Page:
Author, environmental activist and multimedia artist born in Qaqortoq (Greenland) in 1970.
Lana Hansen was born in 1970 in Qaqortoq, in southern Greenland, and raised by an Inuit family. As a child, she was cradled by Greenlandic myths and legends, which were introduced at school as well as at home: her mother told her the legend of Inuit sea goddess Sedna, and she was inspired by the tales and songs of Ajarsivasik (literally meaning “the nice fat aunt”), who was a famous storyteller from southern Greenland. Lana Hansen began writing poems and stories in her childhood, admiring the work of other Greenlandic authors, such as Hans Lynge and Ole Korneliussen.
As a young adult, Lana Hansen lived in Nuuk, where she worked as an artist and a self-employed cultural worker, while starting a literary career. In 1992, Ornigisaq, her first children’s book containing poems and short tales, was published by Atuakkiorfik, a publishing house in Nuuk. At the end of the 2000s, Lana Hansen was involved in several projects tackling the protection of the environment and climate change. She took part in the 2009 United Nations Climate Change Conference (COP 15) in Copenhagen (Denmark), presenting a sound and visual installation entitled Ego White Off, a film about climate change in Greenland, displayed on the stretched canvas of traditional Inuit drum.
In 2009, the writing process and environmental activism joined together in Lana Hansen’s career: her children’s tale Sila was published by Milik Publishers of Nuuk in Kalaallisut (Greenlandic language) as Sila : silap pissusiata allanngornera pillugu oqaluttualiaq, and in Danish as Sila - et eventyr om klimaforandringer. Milik published an English translation, Sila: a fable about climate change in 2009. This short tale, endowed with illustrations by Greenlandic artist, novelist and musician Georg Olsen, deals with the issue of climate change through a rewriting of the Sedna myth. Tulugak (meaning “Raven” in Kalaallisut) is a young boy who can turn into a raven. He is asked by the Spirit of the Inland Ice (the central ice cap of Greenland) to intercede with Sedna and save humanity from itself. Lana Hansen was inspired to write this story, by an epiphany on a Nuuk beach, where she was rambling with her daughter Niini Malu Hansen, and the dedicatee of Sila. An eagle, who was eating a lamb’s eyes, frightened Lana Hansen and her daughter, and its penetrating gaze, ordered her to warn future generations from the danger of climate warming.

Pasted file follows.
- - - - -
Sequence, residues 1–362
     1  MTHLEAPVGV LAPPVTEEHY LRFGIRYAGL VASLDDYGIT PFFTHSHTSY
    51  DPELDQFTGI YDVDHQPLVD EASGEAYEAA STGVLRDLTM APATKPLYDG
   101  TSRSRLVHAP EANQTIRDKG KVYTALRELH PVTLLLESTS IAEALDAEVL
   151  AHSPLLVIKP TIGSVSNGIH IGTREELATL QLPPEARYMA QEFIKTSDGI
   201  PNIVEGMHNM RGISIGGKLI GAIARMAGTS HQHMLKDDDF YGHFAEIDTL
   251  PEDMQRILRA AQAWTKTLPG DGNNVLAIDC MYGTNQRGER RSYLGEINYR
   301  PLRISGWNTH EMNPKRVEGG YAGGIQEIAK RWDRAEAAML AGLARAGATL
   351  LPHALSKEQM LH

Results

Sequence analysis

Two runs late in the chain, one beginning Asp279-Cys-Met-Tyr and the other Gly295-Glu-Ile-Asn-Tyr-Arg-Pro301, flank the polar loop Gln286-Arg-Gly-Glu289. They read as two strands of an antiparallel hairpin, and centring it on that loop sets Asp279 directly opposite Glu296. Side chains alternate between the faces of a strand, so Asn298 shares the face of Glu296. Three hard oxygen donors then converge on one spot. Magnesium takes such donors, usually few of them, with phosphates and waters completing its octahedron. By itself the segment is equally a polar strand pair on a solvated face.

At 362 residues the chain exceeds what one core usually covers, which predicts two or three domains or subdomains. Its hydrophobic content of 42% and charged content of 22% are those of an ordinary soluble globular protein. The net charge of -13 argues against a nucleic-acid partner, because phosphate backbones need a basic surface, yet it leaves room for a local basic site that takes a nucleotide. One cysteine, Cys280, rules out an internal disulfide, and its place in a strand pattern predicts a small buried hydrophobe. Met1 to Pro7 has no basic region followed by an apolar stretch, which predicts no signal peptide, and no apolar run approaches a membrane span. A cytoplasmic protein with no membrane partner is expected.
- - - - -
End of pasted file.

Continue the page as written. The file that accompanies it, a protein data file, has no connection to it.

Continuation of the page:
Sila provided Lana Hansen the opportunity to express with words her great concern about the future of Earth as well as that of Inuit communities, who are, according to Lana Hansen, quite unaware of the climate emergency, since they tie their independence to their country’s industrial development. Sila found recognition throughout the world. In 2010, it was nominated for the Vestnordisk Råds Børne- og Ungdomslitteraturpriset (the West Nordic Council's Children and Youth Literature Prize). Lana Hansen promoted her book at the Expo 2010 in Shanghai China, in 2010, where Lana Hansen led a delegation of three Greenlandic artists, and at different conferences on climate change.
Political recognition has brought literary consecration across circumpolar countries for Lana Hansen, including during the Nordic Library Week 2013, an event held in Scandinavian and Baltic states. New translations of Sila followed. The tale was reprinted in Kalaallisut in 2016, then translated into Northern Sámi in Norway in 2017 as Sila muitalus dálkkádatnuppástusaid. In 2020, Lisa Qiluqqi Koperqualuk translated Sila into Inuktitut under the title ᓯᓚ. ᑲᓛᓪᓖᑦ ᐅᓂᒃᑳᑐᐊᖓ ᓯᓚᕐᔪᐊᒥ ᓯᓚᐅᑉ ᐊᓯᔾᔨᐸᓪᓕᐊᓂᖓᓄᐊᖓᔪᖅ, becoming thus the first literature book translated from an Inuit language to another Inuit language. A translation into French, under the title Sila, un conte groenlandais sur les changements climatiques, has been published in 2020 in the “Jardin de givre” series of the Presses de l’Université du Québec, with an introduction by Daniel Chartier.
Sila made Lana Hansen an internationally acknowledged ambassadress for the issue of climate change: since Sila’s publication, she has been involved in conferences and workshops on a global scale, on behalf of both Greenland and Denmark. Lana Hansen moved to Copenhagen in 2010, then to Berlin (Germany) a few years later where she is currently planning other literary and artistic projects.
Ultimately, Lana Hansen may have inspired her daughter to the defence and promotion of Arctic interests: Niini Malu Hansen is now a graduate student in Greenlandic studies at the University of Copenhagen and a member of JONAA’s (Journal of the North Atlantic and Arctic) editorial board, a news website providing information relative to circumpolar and polar countries.